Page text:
Halt and Catch Fire 1×10 ‘1984’: To the future

Halt and Catch Fire 1x10 Cover

Endings are more important than people let on.  They have to make a statement, they have to be satisfying, they have to wrap up the story, they have to leave it open-ended enough.  Just look at the ending of The Sopranos, the infamous cut to black that left millions of people horrified that their beloved drama could end without the closure they desired (even though the point of that ending was the inevitability of life’s end).  In the case of Halt and Catch Fire, a show just beginning to stand on its own two feet, the pressure of an ending could easily become too much to handle.

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Source: AMC

And it was.  There were a lot of great ideas in “1984”, a lot of ideas that could have been more poignant and meaningful if the episode wasn’t full of moments that didn’t amount to much.  Because it’s the big moments that always doom Halt and Catch Fire to wallowing in mediocrity, just like our man Joe.  It’s moments like Cameron starting her own company or Joe burning a truck full of Cardiff Giants or Gordon getting his car stolen that just drive any semblance of coherence into the dust.  Because the writers of Halt and Catch Fire realize that a lot of television’s most lucrative shows are ones that indulge in “the moment”, that understand that viewers watch these shows to see specific scenes.  Just look at Game of Thrones, where everybody would wait through en entire episode just to see a six-minute scene like the Mountain vs. the Viper or the Red Wedding.

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Source: AMC

But those scenes have tons of build-up to make them work, and they function within the story in meaningful ways.  Nobody even reacts to Joe burning the shipment, and Gordon’s carjacking just seems to come out of nowhere.  I understand that burning the shipment is supposed to be this huge moment where Joe turns on his empty life.  And I get that Gordon’s carjacking is supposed to echo the emptiness of money.  But there’s always something keeping these big moments from really landing.  Halt and Catch Fire works best when the characters are allowed to just talk to one another, because it’s in those conversations that the show elevates itself to something bigger than its often convoluted plotting.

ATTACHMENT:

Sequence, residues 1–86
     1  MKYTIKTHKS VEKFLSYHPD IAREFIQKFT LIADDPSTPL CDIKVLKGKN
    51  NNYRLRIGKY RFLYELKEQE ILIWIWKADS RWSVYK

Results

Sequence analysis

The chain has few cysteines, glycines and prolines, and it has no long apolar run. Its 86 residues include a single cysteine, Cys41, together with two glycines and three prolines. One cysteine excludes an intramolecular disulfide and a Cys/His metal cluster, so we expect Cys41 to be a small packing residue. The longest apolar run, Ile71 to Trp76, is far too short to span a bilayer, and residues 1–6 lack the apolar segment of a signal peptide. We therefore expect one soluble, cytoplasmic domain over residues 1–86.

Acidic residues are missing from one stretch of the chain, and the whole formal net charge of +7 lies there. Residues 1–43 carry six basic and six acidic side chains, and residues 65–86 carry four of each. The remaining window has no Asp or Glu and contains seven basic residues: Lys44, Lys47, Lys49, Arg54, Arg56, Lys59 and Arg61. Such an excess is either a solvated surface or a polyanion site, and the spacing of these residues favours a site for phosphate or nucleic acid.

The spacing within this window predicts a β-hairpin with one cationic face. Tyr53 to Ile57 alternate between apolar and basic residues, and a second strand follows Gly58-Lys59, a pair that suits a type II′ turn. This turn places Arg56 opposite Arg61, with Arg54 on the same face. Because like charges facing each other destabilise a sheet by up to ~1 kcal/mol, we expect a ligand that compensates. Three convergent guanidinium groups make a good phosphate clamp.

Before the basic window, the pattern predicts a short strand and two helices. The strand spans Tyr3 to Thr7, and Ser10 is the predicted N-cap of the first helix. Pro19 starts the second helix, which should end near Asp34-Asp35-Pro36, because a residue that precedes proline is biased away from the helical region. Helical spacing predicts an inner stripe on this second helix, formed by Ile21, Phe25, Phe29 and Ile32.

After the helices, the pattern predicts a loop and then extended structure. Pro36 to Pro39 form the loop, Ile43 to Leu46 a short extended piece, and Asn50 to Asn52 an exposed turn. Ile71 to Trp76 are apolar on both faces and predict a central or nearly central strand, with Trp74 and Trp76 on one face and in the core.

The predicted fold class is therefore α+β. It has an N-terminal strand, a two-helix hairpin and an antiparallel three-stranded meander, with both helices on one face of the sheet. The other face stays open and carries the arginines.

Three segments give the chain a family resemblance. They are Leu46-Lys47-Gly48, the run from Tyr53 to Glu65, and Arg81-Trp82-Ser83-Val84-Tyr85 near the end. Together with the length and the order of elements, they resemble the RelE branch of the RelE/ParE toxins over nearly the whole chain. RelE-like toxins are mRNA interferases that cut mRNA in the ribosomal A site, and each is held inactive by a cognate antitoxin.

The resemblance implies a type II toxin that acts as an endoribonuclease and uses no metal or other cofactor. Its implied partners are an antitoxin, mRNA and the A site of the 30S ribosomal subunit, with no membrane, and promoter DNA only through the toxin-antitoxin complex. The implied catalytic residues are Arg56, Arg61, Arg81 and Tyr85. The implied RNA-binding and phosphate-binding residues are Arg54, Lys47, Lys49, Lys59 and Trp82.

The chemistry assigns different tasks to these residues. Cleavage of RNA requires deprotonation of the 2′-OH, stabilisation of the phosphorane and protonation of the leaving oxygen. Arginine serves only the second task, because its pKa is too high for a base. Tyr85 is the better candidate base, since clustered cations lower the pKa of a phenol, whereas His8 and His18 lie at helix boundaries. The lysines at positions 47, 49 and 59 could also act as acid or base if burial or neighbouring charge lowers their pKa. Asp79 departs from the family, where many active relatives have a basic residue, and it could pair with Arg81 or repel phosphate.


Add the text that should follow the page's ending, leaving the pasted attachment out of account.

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Source: AMC

So it’s like I said.  The ideas in “1984” were far more interesting than the often ridiculous plotting.  In Halt and Catch Fire, there’s always the continual clash between the future and the present, and it’s that clashing that reminds us that the show is essentially about legacy, about becoming a part of the future and making a mark on history.  Joe wants to make a mark on history, but he doesn’t have the skills to really do so.  It’s why he resorted to being a fraud, an empty suit, in order to make progress.  Because relying on his skills doesn’t do much for him.  It may be so obvious within the episode because it’s beaten into the viewer’s head, but at least it’s an idea interesting enough to hold onto.  The same goes for Gordon and how empty he feels as CEO of Cardiff Electric.  Again, the show makes this idea too obvious by using stupid delivery vehicles like the carjacking, but at least the writers are recognizing that it’s a strong direction to move towards.

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Source: AMC

The most interesting facet of the episode, however, is the idea that the women (Cameron and Donna) hold the key to the future, as they both are essentially predicting online gaming.  The issue with this, though, is that Mutiny doesn’t appear to be feasible as a company.  It’s not run with any real structure, and “Up Helly Aa” already established that there’s constantly tension between innovation and reality.  Sure, Cameron’s company has some great ideas, but how are they going to last when there’s reality looming overhead with such a bold presence?  Halt and Catch Fire recognizes that there are those who hold the key to innovation (Macintosh, for one), but it also says that those who hold the key rarely have the chance to do much with it.  There’s so much against them that it’s easier just to give up.  Of course, as Cameron knows, you have to be persistent.

Ultimately, Halt and Catch Fire could be a great show.  It has the ideas to do something really fascinating.  And maybe a second season would work to hammer out the kinks.  But this first season didn’t work as well as it could have, with more mediocre episodes than good ones and ratings that don’t look like they’ll pull a second season.  But, at the very least, we were treated to a show that had some strong ideas about what it means to leave a legacy.  Because, even if we don’t have what it takes to change the future in a meaningful way, we all have a vision.  And all is takes is a vision, along with the drive to take action, to make the impact we dream of.

So what did you think of this first season of Halt and Catch Fire?  Do you want to see a second season?  Let me know in the comments!

Michael St. Charles

is just a Michigan State University grad who loves a good story. If he’s not off teaching the young ones how to solve quadratic functions or to write an expository essay, he’s watching old-school HBO shows, indie horror movies, or he’s playing Resident Evil 4.

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